Compare any two graphics cards:
GeForce GTX 560 vs Radeon HD 7770
IntroThe GeForce GTX 560 uses a 40 nm design. nVidia has set the core speed at 810 MHz. The GDDR5 RAM runs at a frequency of 1001 MHz on this model. It features 336 SPUs along with 56 TAUs and 32 ROPs.
Compare those specs to the Radeon HD 7770, which features clock speeds of 1000 MHz on the GPU, and 1125 MHz on the 1024 MB of GDDR5 RAM. It features 640 SPUs along with 40 TAUs and 16 Rasterization Operator Units.
(No game benchmarks for this combination yet.)
Power Usage and Theoretical Benchmarks
Power Consumption (Max TDP)
The GeForce GTX 560 should theoretically be much faster than the Radeon HD 7770 overall. (explain)
Texel RateThe GeForce GTX 560 is a small bit (about 13%) faster with regards to anisotropic filtering than the Radeon HD 7770. (explain)
Pixel RateIf running with a high resolution is important to you, then the GeForce GTX 560 is superior to the Radeon HD 7770, and very much so. (explain)
Please note that the above 'benchmarks' are all just theoretical - the results were calculated based on the card's specifications, and real-world performance may (and probably will) vary at least a bit.
Please note that the price comparisons are based on search keywords - sometimes it might show cards with very similar names that are not exactly the same as the one chosen in the comparison. We do try to filter out the wrong results as best we can, though.
Memory Bandwidth: Bandwidth is the largest amount of data (measured in MB per second) that can be transferred past the external memory interface within a second. The number is worked out by multiplying the bus width by its memory clock speed. In the case of DDR type memory, it should be multiplied by 2 once again. If DDR5, multiply by ANOTHER 2x. The better the memory bandwidth, the better the card will be in general. It especially helps with AA, HDR and higher screen resolutions.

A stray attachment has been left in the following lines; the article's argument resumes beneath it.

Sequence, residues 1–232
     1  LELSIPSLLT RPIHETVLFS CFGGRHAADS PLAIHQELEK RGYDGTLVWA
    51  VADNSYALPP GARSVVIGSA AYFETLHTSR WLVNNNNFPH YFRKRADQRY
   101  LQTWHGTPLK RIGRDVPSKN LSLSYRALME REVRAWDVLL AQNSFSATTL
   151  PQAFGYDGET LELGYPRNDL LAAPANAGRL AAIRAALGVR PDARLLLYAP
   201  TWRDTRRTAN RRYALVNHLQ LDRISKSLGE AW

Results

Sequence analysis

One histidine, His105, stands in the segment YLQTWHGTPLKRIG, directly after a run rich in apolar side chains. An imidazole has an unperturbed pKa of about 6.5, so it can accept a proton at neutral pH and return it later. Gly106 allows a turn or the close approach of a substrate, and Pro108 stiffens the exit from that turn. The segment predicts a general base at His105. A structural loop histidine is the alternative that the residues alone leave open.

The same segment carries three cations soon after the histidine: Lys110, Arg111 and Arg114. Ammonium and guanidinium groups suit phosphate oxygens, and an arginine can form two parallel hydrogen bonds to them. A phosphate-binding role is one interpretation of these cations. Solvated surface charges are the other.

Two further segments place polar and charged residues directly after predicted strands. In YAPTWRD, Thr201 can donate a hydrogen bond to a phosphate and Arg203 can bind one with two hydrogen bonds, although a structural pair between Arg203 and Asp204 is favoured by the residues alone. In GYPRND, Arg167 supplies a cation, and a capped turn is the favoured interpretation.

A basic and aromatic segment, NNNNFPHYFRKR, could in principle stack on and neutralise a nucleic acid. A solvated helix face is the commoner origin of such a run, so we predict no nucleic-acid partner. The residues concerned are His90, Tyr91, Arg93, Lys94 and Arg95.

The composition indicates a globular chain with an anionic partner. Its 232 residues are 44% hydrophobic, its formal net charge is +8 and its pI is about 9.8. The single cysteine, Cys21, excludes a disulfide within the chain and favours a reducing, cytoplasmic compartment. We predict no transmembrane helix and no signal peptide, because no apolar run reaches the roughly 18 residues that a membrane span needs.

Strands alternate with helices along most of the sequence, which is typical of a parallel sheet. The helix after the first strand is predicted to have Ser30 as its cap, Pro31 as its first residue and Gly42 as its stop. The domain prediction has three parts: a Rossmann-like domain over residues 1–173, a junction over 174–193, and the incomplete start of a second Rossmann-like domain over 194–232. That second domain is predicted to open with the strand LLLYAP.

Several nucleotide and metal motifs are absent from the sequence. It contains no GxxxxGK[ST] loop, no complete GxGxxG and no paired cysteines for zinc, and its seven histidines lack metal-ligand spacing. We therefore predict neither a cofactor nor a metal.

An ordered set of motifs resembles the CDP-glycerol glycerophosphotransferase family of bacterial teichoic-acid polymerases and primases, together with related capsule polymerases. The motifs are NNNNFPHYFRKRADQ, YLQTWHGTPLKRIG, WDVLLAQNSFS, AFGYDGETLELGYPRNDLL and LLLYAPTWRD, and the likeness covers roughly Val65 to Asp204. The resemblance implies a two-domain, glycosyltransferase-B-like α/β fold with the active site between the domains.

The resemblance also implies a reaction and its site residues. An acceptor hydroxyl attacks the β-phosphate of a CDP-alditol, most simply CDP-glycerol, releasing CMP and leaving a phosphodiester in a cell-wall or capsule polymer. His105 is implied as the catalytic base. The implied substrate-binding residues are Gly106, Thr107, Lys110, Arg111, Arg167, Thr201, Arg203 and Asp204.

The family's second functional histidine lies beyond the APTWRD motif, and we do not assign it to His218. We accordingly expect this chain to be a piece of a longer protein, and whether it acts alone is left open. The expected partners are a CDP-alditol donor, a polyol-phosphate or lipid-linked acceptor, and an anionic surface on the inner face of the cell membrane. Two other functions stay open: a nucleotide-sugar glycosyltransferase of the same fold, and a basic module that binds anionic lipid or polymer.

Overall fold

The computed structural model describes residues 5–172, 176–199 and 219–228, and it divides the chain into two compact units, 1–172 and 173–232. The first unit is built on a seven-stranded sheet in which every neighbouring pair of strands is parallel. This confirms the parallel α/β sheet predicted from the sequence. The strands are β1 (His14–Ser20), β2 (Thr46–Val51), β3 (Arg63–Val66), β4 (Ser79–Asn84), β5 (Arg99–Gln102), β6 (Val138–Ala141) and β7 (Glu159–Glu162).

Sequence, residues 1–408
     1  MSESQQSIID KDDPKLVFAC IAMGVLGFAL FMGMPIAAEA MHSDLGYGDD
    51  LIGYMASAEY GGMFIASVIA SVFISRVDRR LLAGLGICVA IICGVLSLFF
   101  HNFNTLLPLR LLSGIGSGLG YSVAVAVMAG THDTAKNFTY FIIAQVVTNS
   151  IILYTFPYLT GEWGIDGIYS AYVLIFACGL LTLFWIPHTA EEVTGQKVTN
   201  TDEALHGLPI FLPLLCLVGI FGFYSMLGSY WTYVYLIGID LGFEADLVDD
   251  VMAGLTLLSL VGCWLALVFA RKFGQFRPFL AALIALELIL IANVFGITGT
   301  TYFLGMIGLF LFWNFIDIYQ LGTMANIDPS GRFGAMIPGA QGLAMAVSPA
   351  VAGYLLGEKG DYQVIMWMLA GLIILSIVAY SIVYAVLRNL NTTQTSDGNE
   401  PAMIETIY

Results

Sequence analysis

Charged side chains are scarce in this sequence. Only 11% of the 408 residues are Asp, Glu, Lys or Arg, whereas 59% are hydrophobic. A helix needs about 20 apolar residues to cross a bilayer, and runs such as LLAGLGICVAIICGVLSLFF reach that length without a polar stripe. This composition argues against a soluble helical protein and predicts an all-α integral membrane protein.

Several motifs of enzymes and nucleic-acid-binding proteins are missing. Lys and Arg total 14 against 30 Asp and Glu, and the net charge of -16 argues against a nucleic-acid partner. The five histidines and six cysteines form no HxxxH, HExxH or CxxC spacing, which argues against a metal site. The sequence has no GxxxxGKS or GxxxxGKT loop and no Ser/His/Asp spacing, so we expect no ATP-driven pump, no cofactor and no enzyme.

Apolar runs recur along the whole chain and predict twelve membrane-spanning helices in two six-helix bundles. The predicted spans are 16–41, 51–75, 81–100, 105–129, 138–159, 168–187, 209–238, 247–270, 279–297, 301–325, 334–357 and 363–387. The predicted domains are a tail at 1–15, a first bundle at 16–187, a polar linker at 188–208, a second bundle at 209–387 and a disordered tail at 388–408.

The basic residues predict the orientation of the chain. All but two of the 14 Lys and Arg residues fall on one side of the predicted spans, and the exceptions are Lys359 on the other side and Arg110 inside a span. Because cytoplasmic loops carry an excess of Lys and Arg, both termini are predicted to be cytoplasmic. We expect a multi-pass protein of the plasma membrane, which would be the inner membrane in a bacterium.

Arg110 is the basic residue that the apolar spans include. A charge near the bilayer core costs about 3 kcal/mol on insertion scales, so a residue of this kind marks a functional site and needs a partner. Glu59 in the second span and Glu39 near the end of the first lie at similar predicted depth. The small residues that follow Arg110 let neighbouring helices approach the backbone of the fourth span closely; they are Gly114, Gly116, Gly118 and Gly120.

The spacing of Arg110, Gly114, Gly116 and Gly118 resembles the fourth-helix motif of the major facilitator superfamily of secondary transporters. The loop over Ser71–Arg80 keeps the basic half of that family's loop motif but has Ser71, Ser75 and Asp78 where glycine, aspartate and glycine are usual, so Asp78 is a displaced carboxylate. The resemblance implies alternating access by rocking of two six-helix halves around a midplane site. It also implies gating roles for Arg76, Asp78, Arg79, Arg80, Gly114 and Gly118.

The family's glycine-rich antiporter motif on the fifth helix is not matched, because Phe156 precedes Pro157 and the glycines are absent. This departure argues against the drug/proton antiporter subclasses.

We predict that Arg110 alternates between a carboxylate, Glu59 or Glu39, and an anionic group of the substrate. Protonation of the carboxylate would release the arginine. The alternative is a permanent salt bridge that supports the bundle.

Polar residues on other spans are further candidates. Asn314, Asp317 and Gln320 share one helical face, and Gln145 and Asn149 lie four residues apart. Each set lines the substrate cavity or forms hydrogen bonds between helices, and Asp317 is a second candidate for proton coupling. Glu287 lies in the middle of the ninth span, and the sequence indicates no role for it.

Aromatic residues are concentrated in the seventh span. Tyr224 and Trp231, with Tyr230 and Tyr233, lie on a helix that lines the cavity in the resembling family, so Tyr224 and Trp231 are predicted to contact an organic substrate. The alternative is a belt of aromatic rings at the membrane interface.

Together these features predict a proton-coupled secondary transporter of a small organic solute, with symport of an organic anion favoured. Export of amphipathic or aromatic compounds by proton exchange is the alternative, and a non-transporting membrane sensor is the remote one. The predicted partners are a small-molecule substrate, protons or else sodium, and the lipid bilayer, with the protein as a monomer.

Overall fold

Texel Rate: Texel rate is the maximum amount of texture map elements (texels) that can be processed in one second. This number is calculated by multiplying the total texture units by the core clock speed of the chip. The higher this number, the better the video card will be at handling texture filtering (anisotropic filtering - AF). It is measured in millions of texels applied in one second.
Pixel Rate: Pixel rate is the most pixels the graphics card can possibly write to the local memory per second - measured in millions of pixels per second. Pixel rate is worked out by multiplying the number of colour ROPs by the the core clock speed. ROPs (Raster Operations Pipelines - sometimes also referred to as Render Output Units) are responsible for filling the screen with pixels (the image). The actual pixel fill rate is also dependant on many other factors, especially the memory bandwidth of the card - the lower the bandwidth is, the lower the potential to reach the maximum fill rate.